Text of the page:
The 5000-year-old Cochno Stone carving that may see the light of day once more. With dozens of grooved spirals, carved indentations, geometric shapes, and mysterious patterns of many kinds, the Cochno Stone, located in West Dunbartonshire, Scotland, is considered to have the finest example of Bronze Age cup and ring carvings in the whole of Europe. Yet, for the last 50 years it has laid buried beneath several feet of earth and vegetation in what was a desperate attempt at the time to protect it from vandals.
The stone, which measures 42ft by 26ft, was first discovered by the Rev James Harvey in 1887 on farmland near what is now the Faifley housing estate on the edge of Clydebank. It is covered in more than 90 carved indentations, known as cup and ring marks. The cup and ring marks, which are believed to date back some 5,000 years, are accompanied by an incised pre-Christian cross set within an oval, and two pairs of carved footprints, each foot only having 4 toes. Because of the array of markings on it, the Cochno Stone has been recognised as being of national importance and designated as a scheduled monument.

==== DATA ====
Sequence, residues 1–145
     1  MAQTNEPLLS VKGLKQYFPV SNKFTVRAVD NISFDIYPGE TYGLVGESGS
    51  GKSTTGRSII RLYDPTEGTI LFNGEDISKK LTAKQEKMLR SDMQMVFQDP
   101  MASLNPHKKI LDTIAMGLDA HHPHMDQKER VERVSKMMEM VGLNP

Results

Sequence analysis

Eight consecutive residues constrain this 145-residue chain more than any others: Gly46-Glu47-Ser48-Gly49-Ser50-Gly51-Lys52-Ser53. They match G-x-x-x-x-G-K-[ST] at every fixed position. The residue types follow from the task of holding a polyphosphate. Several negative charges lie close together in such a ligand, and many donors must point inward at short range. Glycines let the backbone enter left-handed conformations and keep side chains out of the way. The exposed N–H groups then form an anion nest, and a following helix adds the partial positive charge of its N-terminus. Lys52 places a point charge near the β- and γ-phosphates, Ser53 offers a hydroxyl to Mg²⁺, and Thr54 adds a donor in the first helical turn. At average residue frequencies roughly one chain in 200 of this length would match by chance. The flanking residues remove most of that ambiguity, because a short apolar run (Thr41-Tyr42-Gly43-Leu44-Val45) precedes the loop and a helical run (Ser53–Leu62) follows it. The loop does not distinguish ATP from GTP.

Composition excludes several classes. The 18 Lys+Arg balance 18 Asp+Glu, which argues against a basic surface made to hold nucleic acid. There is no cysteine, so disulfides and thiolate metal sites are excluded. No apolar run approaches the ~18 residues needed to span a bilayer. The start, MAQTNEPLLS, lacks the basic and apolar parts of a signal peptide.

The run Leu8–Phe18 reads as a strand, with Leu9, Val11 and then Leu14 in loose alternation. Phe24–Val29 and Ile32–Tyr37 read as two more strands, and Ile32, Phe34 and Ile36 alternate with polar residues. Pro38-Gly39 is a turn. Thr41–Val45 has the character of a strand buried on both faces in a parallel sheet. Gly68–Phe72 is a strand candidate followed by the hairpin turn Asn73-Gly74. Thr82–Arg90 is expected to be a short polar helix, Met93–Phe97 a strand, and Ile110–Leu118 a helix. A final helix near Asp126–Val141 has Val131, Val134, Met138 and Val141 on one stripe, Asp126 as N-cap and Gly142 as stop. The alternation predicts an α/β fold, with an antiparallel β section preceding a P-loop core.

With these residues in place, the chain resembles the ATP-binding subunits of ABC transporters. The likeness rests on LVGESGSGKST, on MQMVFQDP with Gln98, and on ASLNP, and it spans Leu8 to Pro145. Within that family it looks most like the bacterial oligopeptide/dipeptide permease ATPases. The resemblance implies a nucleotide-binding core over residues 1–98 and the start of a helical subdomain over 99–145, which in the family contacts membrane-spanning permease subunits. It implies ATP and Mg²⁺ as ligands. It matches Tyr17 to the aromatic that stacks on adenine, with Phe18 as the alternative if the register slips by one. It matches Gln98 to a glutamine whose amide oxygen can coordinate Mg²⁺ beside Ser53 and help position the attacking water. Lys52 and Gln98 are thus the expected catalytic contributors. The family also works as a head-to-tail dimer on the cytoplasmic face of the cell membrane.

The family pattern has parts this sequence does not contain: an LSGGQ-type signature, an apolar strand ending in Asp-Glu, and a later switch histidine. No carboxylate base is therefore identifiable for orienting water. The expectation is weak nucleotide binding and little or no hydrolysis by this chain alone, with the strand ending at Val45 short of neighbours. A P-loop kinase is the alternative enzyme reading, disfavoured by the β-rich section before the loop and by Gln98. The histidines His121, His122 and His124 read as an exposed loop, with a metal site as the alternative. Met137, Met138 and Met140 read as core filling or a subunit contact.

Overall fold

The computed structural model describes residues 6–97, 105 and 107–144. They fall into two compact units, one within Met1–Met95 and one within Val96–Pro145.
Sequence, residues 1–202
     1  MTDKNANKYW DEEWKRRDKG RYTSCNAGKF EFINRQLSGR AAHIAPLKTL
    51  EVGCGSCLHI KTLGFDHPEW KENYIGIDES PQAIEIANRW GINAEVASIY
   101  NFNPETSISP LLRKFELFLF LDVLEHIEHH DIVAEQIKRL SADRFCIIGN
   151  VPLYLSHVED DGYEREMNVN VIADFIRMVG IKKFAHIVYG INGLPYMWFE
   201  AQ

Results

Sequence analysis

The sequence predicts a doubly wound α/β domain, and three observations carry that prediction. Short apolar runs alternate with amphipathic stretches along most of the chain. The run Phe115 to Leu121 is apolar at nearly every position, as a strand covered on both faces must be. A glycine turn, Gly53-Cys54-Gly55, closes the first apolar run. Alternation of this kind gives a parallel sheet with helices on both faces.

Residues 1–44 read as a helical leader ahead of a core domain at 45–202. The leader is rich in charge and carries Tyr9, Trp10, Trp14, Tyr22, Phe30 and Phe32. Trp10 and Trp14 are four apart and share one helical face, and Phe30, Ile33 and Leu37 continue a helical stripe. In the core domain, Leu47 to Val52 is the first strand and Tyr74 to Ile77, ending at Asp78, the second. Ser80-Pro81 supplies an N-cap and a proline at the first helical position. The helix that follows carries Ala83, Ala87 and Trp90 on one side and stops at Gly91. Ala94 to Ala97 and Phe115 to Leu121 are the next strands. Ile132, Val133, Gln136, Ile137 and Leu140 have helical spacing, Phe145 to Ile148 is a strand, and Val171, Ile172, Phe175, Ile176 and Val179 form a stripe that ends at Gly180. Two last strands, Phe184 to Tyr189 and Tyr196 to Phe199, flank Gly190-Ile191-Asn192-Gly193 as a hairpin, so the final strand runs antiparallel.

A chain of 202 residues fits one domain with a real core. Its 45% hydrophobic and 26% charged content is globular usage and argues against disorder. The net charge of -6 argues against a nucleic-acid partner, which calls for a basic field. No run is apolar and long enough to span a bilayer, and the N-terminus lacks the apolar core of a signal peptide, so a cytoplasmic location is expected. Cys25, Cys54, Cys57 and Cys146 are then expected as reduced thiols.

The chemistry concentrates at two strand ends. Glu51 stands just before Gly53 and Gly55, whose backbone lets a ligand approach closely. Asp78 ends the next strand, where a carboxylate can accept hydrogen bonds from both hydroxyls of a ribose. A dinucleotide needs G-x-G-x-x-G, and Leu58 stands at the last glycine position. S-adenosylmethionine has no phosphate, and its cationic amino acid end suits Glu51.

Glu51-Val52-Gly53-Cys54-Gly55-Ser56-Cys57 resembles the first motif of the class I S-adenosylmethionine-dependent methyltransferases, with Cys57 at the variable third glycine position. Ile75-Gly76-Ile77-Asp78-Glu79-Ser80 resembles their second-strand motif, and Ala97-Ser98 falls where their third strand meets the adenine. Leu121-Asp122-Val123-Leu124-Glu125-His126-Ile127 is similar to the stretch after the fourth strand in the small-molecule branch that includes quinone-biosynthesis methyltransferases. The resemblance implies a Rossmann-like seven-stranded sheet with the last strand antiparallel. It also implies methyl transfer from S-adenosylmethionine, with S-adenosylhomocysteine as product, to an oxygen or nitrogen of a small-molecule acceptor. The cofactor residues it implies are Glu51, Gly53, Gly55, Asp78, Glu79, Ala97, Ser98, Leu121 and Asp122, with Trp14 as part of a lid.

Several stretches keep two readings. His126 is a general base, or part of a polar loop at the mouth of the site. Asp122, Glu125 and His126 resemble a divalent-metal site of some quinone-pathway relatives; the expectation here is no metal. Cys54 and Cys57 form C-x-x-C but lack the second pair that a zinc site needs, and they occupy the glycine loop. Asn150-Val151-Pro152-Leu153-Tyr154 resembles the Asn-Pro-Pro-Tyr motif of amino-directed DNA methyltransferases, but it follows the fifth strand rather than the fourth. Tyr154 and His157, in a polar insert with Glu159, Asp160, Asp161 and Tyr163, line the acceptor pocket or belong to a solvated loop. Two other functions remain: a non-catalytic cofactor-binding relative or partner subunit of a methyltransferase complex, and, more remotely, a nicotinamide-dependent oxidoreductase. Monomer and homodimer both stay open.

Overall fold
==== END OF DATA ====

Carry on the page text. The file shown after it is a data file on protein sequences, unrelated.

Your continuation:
During the 1960s, the Cochno Stone was repeatedly damaged by vandals, so in 1964, Glasgow University archaeologists recommended it be buried to protect it from further damage. The stone has been covered ever since. However, the local council is now considering whether to reveal the spectacular stone once again.